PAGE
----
Access to fitness expertise is not limited to members, however; the site is a storehouse of free information. Fact sheets and videos cover topics from exercise to diet, exposing common myths along the way.


National coverage in Self and Mode magazines, on MSNBC.com, and on ABC News, has led to several spikes in memberships. Twice reporters have signed up anonymously and given the service rave reviews.

Though profitable, the company remains small. But profits and growth aren't what stand out to Hensley-Lay. "We're all purists--physical education teachers and coaches--and we really want people to get this. We're just tickled to death when people are successful. We couldn't give this kind of attention and get rich."


When Christina Blenk (marketing '90) started At First Site (www.atfirstsite.net) in 1997, she quickly found that the "if you build it, they will come" line did not apply to her Web design business.

"I had to do it the old-fashioned way, which is to get out and meet people," she said. The learning curve she faced at every step--applying for a business loan, hiring the first employee--inspired a second site, www.womanowned.com. Geared toward women entrepreneurs, the site has evolved into an extensive repository of articles, tips, feedback, and networking opportunities to help women grow their businesses.


Since 1997, At First Site's business has increased 35-50 percent every year. With client-based revenues, it is not only profitable, but Blenk now earns what she's worth, a significant milestone in any business, she says.

Today, www.womanowned.com basically runs itself, gaining more than 2,000 members from all over the world since the beginning of the year. Blenk estimates the site serves about 15,000-20,000 unique visitors per month and has increased about 25 percent per year since 1997. It was reviewed favorably in The Wall Street Journal and has been mentioned in several books for women entrepreneurs.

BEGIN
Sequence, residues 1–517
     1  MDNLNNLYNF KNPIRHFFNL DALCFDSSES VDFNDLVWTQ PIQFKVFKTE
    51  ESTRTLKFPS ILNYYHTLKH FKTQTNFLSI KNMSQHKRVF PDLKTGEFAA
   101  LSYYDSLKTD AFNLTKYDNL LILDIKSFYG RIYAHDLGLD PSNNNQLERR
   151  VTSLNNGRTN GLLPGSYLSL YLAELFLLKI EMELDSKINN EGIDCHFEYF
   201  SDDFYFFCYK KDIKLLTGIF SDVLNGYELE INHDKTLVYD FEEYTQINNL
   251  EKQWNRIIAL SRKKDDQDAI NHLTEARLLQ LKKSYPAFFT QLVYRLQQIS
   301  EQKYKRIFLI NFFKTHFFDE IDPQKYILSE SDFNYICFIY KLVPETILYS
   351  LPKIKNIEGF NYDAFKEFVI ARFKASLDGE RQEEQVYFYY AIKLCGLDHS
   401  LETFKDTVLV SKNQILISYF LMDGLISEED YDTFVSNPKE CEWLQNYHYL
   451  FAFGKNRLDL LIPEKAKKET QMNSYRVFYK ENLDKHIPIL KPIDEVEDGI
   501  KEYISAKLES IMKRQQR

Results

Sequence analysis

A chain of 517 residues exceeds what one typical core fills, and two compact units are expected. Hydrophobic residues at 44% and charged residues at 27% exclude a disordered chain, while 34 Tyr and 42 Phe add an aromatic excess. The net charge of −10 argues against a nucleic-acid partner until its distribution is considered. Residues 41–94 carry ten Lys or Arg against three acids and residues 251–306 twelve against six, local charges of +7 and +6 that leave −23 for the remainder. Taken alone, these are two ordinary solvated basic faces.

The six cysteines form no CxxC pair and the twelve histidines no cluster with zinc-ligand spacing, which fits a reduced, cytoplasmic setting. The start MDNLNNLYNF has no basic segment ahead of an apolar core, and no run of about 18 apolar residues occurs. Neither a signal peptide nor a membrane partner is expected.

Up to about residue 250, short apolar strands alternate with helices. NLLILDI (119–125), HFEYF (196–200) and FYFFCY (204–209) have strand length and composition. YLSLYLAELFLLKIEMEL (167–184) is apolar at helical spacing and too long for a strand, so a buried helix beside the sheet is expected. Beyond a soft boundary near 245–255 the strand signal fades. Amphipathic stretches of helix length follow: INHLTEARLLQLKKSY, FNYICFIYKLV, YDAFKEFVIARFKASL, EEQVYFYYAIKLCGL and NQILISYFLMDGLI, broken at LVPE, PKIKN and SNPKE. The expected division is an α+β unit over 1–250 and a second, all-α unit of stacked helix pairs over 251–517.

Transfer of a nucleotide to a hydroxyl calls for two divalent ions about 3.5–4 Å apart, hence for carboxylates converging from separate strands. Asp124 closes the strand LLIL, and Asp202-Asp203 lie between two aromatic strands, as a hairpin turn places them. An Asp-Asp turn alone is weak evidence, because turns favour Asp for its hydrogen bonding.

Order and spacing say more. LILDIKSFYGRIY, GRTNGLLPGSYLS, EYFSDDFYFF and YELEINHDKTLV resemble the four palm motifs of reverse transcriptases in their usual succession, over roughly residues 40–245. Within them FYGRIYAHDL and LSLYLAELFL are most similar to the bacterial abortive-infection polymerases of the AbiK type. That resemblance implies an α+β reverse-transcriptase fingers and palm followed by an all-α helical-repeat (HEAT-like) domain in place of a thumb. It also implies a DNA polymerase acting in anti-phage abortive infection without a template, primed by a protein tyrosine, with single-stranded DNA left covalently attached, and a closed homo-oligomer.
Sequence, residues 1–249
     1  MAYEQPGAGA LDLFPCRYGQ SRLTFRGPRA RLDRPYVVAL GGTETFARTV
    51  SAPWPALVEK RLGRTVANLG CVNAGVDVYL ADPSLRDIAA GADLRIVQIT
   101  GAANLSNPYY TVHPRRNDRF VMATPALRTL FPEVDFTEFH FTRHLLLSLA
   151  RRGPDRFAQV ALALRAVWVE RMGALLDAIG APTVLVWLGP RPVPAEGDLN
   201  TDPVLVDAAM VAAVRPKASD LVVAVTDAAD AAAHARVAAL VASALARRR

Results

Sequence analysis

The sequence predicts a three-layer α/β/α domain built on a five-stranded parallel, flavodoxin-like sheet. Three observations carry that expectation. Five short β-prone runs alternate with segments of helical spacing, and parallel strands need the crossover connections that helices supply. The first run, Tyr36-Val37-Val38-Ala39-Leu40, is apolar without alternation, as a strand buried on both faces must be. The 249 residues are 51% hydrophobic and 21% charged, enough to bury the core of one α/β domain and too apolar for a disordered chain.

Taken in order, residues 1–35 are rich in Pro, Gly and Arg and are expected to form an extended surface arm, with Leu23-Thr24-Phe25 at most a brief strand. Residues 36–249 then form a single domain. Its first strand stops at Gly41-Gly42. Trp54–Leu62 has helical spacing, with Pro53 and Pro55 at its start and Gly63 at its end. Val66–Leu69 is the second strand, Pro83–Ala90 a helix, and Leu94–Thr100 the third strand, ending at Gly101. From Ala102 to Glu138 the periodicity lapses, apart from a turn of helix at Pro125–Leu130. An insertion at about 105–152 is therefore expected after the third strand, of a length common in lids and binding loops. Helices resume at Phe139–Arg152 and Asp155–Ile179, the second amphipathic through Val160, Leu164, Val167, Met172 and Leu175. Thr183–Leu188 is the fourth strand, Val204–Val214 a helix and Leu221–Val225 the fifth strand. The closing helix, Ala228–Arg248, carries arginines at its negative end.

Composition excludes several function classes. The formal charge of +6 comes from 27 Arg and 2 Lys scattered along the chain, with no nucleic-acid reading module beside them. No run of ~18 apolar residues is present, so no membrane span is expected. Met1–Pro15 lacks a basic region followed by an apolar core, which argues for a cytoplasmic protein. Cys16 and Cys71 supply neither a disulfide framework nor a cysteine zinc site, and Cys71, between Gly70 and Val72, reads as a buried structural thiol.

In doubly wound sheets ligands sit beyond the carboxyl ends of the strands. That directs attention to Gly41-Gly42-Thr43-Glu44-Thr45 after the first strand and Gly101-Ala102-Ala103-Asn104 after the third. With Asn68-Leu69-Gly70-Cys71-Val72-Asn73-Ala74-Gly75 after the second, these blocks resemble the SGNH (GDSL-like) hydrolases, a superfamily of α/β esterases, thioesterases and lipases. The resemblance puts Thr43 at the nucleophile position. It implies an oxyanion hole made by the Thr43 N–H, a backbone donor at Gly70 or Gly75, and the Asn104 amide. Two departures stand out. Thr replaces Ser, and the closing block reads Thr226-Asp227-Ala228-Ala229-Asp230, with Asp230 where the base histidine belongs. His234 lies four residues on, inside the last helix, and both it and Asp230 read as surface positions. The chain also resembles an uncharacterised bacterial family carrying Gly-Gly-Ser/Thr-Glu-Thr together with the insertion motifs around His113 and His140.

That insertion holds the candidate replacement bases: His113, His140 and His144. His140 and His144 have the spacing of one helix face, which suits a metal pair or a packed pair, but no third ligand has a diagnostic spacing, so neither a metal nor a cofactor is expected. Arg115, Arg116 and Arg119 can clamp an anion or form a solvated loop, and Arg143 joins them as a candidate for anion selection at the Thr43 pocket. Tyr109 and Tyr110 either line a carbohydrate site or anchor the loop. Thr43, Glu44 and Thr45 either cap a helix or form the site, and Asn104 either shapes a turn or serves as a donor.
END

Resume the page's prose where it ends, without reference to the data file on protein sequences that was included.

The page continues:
It is also part of a consortium of women's Web sites called Women's Forum, currently the number two Web site for women worldwide behind i-Village. One woman's venue for spreading business know-how has turned into an inspiration for millions.


It's a dot-com dream come truealmost. The outcome remains to be seen.

Launched from a laptop in late 1999, www.ezboard.com is now one of the most visited sites in the world. Founded by Vanchau Nguyen (computer science '94), the site lets users create and manage free bulletin boards.

"There is nothing more important than building valuable relationships. That is what we do," says Nguyen.

As the Internet took off, Nguyen couldn't believe no one was offering an easy way to create online communities. He developed an application, made it available online, and launched ezboard from his home in San Jose. Demand for the technology soared, and headquarters quickly moved to an office in nearby San Francisco.


ezboard has become a market leader. In June 2001, the company had registered more than 5 million users. According to Nguyen, Netscore recently ranked it in the top 100 worldwide in terms of unique users per month.

On tough times:

"Tough times is an understatement. The stench of dot-com carcasses is almost overwhelming here," notes Nguyen. To compensate, ezboard has had to reduce personnel, scale back on expansion, and focus on becoming profitable sooner than planned.

"The rise and subsequent fall of the dot-com dream is unparalleled, except for maybe what happened to Vanilla Ice," he jokes.